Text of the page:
We need a paradigm shift in education data to build the learning generation | Global Partnership for Education

We need a paradigm shift in education data to build the learning generation

Victor Muntagu, head teacher, Chavuma Secondary School in Zambia. Credit: GPE/Carine Durand
Victor Muntangu, head teacher at Chavuma Secondary School in Zambia, collects data on his students' performance to identify challenges. This data is transmitted to the Ministry of Education to inform policy-making. In Victor's words, "policies that come from the ground are very effective."

Ambitious goals demand more and better data, which is why the Inter-agency and Expert Group on SDG Indicators is meeting today in Ottawa. Experts from countries and international agencies including the UNESCO Institute for Statistics (UIS) are once again reviewing the frameworks and work plans needed to help deliver on the pledges made for 2030. 

The good news is that just about everyone agrees on the strength and value of the education indicators. The challenges lie in producing them and disseminating them in a way that they are actively used. We couldn’t agree more.  

As highlighted in the Education Commission report, Sustainable Development Goal 4 (SDG 4) on education cannot be achieved without solid evidence.

To show the way forward, a new paper, prepared for the Commission by UIS makes the case for a data revolution in education based on three pillars:

  • Create enabling environments in which communities, governments, and civil society use the data to take action and to foster accountability.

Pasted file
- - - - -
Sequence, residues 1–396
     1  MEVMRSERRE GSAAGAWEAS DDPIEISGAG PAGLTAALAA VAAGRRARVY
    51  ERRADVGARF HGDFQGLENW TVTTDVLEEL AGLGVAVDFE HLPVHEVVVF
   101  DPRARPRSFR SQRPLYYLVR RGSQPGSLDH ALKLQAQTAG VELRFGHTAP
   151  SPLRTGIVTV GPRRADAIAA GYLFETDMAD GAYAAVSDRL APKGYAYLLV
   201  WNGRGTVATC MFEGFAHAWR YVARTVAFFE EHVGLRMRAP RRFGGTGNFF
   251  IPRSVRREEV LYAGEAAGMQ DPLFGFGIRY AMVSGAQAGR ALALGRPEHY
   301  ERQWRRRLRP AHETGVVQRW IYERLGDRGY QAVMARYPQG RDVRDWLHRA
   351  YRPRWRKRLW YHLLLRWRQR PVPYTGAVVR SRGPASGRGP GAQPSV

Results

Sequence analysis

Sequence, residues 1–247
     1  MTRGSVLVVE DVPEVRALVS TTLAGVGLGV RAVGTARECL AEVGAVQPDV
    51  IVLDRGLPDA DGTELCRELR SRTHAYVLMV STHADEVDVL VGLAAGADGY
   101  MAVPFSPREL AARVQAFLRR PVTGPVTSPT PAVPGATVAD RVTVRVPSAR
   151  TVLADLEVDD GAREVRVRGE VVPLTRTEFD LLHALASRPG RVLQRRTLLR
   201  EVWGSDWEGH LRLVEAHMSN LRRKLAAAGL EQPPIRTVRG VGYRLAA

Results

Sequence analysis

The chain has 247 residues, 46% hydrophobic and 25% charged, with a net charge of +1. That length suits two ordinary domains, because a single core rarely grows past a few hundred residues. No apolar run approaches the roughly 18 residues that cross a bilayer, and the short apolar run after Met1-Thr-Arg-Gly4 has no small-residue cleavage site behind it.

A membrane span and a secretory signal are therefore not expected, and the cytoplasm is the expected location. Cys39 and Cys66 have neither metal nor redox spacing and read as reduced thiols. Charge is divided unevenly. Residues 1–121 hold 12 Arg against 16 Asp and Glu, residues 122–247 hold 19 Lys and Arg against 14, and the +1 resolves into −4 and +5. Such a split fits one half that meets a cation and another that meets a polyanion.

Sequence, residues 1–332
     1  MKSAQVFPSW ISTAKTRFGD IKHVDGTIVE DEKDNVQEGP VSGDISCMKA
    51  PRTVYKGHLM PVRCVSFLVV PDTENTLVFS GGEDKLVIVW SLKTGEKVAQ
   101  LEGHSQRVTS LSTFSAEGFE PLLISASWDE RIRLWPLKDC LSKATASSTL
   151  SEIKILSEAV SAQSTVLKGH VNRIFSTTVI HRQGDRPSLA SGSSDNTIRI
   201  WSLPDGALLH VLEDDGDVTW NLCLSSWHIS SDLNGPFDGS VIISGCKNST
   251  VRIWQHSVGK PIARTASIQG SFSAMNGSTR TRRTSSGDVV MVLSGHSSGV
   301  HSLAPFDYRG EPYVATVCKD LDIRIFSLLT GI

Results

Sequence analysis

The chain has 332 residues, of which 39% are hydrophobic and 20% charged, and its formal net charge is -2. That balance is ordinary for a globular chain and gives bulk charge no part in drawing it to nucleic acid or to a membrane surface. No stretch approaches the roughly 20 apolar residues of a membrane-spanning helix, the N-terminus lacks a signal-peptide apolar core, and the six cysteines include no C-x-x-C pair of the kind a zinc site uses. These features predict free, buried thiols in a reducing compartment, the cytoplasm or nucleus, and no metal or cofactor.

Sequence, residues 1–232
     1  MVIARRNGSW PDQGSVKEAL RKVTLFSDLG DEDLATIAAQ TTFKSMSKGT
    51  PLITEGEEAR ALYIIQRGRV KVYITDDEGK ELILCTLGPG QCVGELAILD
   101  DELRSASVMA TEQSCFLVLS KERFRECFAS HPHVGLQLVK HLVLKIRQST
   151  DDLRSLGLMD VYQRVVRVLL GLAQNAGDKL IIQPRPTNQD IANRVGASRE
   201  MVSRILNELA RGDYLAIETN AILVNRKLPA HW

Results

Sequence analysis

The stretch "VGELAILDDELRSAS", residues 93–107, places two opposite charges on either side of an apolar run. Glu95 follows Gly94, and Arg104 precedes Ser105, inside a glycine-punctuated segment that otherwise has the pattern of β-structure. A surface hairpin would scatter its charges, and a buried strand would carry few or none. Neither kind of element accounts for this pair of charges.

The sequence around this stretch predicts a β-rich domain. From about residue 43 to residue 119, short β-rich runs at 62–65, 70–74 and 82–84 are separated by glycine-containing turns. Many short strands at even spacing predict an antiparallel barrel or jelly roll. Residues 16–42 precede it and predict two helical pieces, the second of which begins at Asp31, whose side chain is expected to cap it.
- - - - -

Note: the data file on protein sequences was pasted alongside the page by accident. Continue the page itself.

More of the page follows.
• Produce high-quality internationally-comparable data by supporting the work of UIS in developing the standards, methodologies and indicators needed to monitor progress globally while keeping governments, donors and stakeholders accountable.
  • Strengthen data dissemination and use by governments, communities and civil society to increase accountability through a range of mechanisms, such as open data practices, new information technologies for data storage and presentation, and greater data integration and systematic exchange of information between different levels of government and other institutions.

The Education Commission and UIS also emphasize four areas in which better monitoring and accountability are needed.

- All children must be made more visible in education statistics, including those who are not reflected by today’s data, such as children uprooted by war, those with disabilities, orphans and other vulnerable groups.

- There must be enough data to monitor progress towards SDG 4, particularly on equity. International household survey programs should be harmonized so that comparable education indicators can be produced on school attendance, attainment, literacy, expenditure, equity and other key issues.

- Learning assessments must be reconciled within a common framework, and we need better coordination to reduce transaction costs. The paper argues for a participatory process that enhances and leverages results from sound national learning assessments, ensures their implementation through international technical guidance, and secures adequate external funding for international reporting of quality-assured assessment data.

- Data on education finance must cover all sources of funding. Together with the International Institute for Education Planning UIS developed National Education Accounts (NEAs) as a methodology to cover all sources of funding. The challenge now is to help countries use this tool to track who is spending what on education.

What are the specific steps?